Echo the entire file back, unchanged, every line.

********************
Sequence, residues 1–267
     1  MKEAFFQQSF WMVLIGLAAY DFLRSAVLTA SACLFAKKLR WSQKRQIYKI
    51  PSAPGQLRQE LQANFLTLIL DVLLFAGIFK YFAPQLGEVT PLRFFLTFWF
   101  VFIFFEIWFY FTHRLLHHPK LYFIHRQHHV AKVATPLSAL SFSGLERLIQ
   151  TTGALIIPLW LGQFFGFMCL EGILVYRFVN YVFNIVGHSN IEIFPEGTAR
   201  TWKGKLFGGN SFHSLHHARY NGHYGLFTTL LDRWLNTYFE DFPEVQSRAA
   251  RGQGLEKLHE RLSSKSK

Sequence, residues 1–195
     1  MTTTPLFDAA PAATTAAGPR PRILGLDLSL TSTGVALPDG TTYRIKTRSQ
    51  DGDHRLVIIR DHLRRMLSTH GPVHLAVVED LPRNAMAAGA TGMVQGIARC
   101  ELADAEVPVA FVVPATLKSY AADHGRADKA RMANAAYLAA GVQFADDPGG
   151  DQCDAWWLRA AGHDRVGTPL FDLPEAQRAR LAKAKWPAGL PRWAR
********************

Sequence, residues 1–267
     1  MKEAFFQQSF WMVLIGLAAY DFLRSAVLTA SACLFAKKLR WSQKRQIYKI
    51  PSAPGQLRQE LQANFLTLIL DVLLFAGIFK YFAPQLGEVT PLRFFLTFWF
   101  VFIFFEIWFY FTHRLLHHPK LYFIHRQHHV AKVATPLSAL SFSGLERLIQ
   151  TTGALIIPLW LGQFFGFMCL EGILVYRFVN YVFNIVGHSN IEIFPEGTAR
   201  TWKGKLFGGN SFHSLHHARY NGHYGLFTTL LDRWLNTYFE DFPEVQSRAA
   251  RGQGLEKLHE RLSSKSK

Sequence, residues 1–195
     1  MTTTPLFDAA PAATTAAGPR PRILGLDLSL TSTGVALPDG TTYRIKTRSQ
    51  DGDHRLVIIR DHLRRMLSTH GPVHLAVVED LPRNAMAAGA TGMVQGIARC
   101  ELADAEVPVA FVVPATLKSY AADHGRADKA RMANAAYLAA GVQFADDPGG
   151  DQCDAWWLRA AGHDRVGTPL FDLPEAQRAR LAKAKWPAGL PRWAR